``````va_outline %>%
tm_shape() +
tm_borders() +
tm_shape(va_watersheds) +
tm_fill(col = "Area_Perimeter", n = 10, palette = "Reds") +
tm_borders()+
tm_layout(inner.margins = 0.12,
title = "VA CAMELS Watersheds",
title.position = c("left", "TOP"))+
tm_compass(type = "8star", position = c("right", "top")) +
tm_scale_bar(position = c("right", "bottom"))``````

## 13.4 Plot maps side by side

Just like we can use facets in ggplot, we can use facets to show multiple maps. Below we color our map by AREA and elev_mean and put them next to each other using tm_facets.

``````facets = c("AREA", "elev_mean")

tm_shape(va_watersheds) +
tm_polygons(facets) +
tm_facets(ncol = 2, sync = FALSE)``````

## 13.5 Built in styles, like themes in ggplot

Tmap also has built in styles, which are like themes in ggplot. We can use these styles with tm_style. Try “classic”, “coblat”, or “col_blind” below.

``````va_outline %>%
tm_shape() +
tm_borders() +
tm_shape(va_watersheds) +
tm_fill(col = "Area_Perimeter", n = 10, palette = "Reds") +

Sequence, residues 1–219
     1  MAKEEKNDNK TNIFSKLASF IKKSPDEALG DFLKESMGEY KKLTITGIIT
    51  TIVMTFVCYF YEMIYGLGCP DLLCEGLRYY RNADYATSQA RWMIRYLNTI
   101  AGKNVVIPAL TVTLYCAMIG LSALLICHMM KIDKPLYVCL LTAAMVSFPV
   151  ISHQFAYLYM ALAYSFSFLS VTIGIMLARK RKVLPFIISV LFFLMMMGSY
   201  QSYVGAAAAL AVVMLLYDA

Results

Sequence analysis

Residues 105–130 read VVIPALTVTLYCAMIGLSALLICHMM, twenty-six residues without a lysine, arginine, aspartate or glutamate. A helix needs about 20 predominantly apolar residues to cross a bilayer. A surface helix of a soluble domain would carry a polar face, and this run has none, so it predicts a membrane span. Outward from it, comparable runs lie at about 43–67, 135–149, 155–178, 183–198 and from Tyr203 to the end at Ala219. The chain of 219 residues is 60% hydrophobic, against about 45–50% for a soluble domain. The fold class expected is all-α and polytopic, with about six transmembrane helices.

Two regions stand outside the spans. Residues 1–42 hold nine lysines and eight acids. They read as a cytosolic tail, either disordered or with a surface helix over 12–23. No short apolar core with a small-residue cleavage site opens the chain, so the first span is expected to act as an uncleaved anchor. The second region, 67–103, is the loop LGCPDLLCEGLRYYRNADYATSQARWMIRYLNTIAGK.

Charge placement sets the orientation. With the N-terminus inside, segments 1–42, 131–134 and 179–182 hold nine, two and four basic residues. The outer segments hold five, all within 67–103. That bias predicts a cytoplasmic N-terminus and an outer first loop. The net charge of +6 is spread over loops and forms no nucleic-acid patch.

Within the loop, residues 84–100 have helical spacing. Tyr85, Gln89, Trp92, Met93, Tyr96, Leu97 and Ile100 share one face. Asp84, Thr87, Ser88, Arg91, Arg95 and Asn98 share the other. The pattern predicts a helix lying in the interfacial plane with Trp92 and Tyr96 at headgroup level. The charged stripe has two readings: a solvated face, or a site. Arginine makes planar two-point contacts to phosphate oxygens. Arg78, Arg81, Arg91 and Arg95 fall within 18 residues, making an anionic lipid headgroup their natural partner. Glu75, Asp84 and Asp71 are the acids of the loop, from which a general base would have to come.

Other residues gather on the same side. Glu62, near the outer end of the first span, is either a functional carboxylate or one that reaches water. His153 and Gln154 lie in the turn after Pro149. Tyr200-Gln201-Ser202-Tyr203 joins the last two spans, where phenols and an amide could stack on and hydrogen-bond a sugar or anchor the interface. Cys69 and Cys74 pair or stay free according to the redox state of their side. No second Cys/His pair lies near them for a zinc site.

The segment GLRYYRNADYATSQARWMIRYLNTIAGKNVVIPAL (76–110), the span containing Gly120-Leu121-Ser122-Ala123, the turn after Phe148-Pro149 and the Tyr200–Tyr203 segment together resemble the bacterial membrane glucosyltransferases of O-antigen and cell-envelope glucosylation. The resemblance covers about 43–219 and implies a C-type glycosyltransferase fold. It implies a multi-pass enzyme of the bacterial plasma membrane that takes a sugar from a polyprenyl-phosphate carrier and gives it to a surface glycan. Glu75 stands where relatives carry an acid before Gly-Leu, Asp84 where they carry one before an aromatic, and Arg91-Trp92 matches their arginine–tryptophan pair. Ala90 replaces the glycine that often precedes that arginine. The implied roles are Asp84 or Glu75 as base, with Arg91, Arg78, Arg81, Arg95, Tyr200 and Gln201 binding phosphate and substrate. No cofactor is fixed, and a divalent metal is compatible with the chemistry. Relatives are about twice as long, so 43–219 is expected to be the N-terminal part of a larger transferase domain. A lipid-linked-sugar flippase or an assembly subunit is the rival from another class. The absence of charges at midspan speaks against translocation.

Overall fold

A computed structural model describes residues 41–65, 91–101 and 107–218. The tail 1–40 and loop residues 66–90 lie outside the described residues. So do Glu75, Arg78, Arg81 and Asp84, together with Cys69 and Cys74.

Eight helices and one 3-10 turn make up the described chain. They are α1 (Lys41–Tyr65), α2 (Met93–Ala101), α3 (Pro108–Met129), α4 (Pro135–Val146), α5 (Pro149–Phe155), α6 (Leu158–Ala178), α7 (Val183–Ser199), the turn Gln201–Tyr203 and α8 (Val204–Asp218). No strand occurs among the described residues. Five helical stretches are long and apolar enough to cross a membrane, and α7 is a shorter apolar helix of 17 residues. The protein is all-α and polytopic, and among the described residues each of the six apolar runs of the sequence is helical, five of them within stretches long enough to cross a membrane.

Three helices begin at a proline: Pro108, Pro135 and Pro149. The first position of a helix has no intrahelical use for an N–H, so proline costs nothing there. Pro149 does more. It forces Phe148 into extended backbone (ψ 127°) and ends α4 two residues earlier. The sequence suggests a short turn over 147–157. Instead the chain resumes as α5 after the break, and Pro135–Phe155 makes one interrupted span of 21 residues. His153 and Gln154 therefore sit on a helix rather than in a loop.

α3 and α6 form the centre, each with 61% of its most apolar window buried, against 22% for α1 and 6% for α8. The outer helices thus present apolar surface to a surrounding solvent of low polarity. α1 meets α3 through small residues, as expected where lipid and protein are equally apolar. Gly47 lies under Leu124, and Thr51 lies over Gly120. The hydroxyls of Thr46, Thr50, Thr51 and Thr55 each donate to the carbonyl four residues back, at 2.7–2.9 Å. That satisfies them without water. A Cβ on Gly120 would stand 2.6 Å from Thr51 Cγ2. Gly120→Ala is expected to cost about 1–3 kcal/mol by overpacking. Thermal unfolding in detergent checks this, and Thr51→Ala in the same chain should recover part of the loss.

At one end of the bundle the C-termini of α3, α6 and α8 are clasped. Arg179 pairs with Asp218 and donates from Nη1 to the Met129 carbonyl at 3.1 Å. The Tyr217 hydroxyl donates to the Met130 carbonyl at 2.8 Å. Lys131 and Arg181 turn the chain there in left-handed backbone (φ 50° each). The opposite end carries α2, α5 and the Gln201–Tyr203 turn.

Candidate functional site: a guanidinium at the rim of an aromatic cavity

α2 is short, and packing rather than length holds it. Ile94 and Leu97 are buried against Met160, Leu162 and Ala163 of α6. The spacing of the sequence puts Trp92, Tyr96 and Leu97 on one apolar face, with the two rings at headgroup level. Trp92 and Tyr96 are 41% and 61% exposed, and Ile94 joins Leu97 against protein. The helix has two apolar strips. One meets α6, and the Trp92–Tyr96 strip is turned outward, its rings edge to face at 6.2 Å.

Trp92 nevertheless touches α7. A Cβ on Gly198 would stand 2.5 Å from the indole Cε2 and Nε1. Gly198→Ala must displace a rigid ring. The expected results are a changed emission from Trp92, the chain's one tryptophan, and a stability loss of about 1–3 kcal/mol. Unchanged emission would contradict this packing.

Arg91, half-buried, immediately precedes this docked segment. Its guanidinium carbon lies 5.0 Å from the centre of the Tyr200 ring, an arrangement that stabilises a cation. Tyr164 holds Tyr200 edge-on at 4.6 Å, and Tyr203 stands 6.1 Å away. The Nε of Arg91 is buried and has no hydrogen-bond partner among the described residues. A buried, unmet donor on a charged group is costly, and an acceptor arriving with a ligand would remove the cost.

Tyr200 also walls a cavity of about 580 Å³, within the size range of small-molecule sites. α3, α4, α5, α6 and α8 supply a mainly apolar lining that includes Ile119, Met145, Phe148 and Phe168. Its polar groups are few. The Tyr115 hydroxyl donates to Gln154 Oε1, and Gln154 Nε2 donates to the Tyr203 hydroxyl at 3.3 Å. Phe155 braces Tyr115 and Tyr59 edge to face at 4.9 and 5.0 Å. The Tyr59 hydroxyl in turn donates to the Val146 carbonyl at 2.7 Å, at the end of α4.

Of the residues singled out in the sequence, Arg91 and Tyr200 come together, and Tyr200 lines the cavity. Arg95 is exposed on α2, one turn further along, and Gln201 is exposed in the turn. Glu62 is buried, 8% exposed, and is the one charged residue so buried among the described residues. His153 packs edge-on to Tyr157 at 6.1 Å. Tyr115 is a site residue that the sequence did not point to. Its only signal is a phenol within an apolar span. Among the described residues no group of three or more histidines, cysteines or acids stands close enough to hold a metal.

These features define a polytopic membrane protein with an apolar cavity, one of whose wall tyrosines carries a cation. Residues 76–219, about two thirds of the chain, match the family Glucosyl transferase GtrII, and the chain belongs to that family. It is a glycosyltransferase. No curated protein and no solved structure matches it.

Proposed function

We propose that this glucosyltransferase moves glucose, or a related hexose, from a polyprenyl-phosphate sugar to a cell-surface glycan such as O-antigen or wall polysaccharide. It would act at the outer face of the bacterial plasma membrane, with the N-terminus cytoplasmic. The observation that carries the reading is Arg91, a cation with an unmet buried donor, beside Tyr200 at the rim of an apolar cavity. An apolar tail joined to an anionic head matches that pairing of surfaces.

tm_borders()+
tm_layout(inner.margins = 0.12,
title = "VA CAMELS Watersheds",
title.position = c("left", "TOP"))+
tm_compass(type = "8star", position = c("right", "top")) +
tm_scale_bar(position = c("right", "bottom"))+
tm_style("classic") #try cobalt, bw, col_blind``````
``## Note that tm_style("classic") resets all options set with tm_layout, tm_view, tm_format, or tm_legend. It is therefore recommended to place the tm_style element prior to the other tm_layout/tm_view/tm_format/tm_legend elements.``

## 13.6 Interactive Maps

### 13.6.1 tmap

You can also generate maps that you can interact with, as opposed to static maps, that we have been using before. If you are generating a map for an app or webpage, this may be a good choice. But for a pdf report, the static maps are more appropriate.

In tmap all you have to do is run tmap_mode(“view”) and it will create an interactive map with the exact same syntax! To switch back to a static map, run tmap_mode(“plot”)

Also in this chunk we see how to add a basemap to a tmap object, using tm_basemap.

``tmap_mode("view")``
``## tmap mode set to interactive viewing``
``````usa <- tm_shape(watersheds_info) +
tm_fill(col = "lightblue", alpha = 0.3)+
tm_borders()+
tm_shape(states)+
tm_borders() +
tm_layout(title = "CAMELS Watersheds", title.position = c("right", "TOP"))

usa + tm_basemap(server = "OpenTopoMap")``````
``````## Warning: The shape watersheds_info is invalid (after reprojection). See
## sf::st_is_valid``````